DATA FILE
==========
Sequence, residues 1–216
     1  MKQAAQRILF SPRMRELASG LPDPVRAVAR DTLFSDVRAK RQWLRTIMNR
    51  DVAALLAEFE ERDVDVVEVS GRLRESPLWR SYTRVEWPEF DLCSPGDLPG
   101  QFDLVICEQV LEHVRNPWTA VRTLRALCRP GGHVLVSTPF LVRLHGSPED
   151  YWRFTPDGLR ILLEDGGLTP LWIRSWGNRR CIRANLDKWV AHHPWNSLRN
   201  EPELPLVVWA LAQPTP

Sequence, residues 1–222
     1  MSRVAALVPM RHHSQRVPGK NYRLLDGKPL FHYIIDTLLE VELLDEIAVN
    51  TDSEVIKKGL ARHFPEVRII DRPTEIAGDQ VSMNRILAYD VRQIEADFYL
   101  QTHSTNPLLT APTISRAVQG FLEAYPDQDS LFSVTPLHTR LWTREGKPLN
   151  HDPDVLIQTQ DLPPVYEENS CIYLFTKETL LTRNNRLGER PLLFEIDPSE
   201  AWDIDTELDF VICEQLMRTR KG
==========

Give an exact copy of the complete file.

Sequence, residues 1–216
     1  MKQAAQRILF SPRMRELASG LPDPVRAVAR DTLFSDVRAK RQWLRTIMNR
    51  DVAALLAEFE ERDVDVVEVS GRLRESPLWR SYTRVEWPEF DLCSPGDLPG
   101  QFDLVICEQV LEHVRNPWTA VRTLRALCRP GGHVLVSTPF LVRLHGSPED
   151  YWRFTPDGLR ILLEDGGLTP LWIRSWGNRR CIRANLDKWV AHHPWNSLRN
   201  EPELPLVVWA LAQPTP

Sequence, residues 1–222
     1  MSRVAALVPM RHHSQRVPGK NYRLLDGKPL FHYIIDTLLE VELLDEIAVN
    51  TDSEVIKKGL ARHFPEVRII DRPTEIAGDQ VSMNRILAYD VRQIEADFYL
   101  QTHSTNPLLT APTISRAVQG FLEAYPDQDS LFSVTPLHTR LWTREGKPLN
   151  HDPDVLIQTQ DLPPVYEENS CIYLFTKETL LTRNNRLGER PLLFEIDPSE
   201  AWDIDTELDF VICEQLMRTR KG